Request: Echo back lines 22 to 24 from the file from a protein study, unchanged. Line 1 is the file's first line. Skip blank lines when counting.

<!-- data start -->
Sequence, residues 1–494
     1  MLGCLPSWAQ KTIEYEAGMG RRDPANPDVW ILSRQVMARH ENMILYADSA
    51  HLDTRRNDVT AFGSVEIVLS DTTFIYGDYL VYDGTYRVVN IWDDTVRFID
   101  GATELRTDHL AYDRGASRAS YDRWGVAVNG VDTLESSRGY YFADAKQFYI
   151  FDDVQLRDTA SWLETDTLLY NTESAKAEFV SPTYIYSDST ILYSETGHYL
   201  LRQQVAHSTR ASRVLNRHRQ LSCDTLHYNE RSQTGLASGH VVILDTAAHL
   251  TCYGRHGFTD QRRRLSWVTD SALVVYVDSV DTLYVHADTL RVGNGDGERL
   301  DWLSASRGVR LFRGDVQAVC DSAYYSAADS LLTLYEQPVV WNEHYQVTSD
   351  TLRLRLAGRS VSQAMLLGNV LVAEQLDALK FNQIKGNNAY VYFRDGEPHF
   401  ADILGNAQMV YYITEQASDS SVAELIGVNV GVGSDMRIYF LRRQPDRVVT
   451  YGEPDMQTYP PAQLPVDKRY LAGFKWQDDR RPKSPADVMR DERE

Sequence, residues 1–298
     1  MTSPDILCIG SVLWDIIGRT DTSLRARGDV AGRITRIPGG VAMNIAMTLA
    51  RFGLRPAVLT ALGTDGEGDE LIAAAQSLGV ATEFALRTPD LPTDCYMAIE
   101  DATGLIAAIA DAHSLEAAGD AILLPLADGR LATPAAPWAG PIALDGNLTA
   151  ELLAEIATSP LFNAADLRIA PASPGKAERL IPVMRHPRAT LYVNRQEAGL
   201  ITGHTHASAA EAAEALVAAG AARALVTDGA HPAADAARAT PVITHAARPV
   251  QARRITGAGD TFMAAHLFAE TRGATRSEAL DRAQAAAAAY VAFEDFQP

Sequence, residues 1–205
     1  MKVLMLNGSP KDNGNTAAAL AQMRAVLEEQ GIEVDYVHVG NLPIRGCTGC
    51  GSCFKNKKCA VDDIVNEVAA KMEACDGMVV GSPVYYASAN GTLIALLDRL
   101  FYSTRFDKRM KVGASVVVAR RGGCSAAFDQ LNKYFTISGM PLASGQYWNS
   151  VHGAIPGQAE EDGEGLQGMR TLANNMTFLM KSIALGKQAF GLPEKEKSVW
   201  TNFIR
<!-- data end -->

   101  FYSTRFDKRM KVGASVVVAR RGGCSAAFDQ LNKYFTISGM PLASGQYWNS
   151  VHGAIPGQAE EDGEGLQGMR TLANNMTFLM KSIALGKQAF GLPEKEKSVW
   201  TNFIR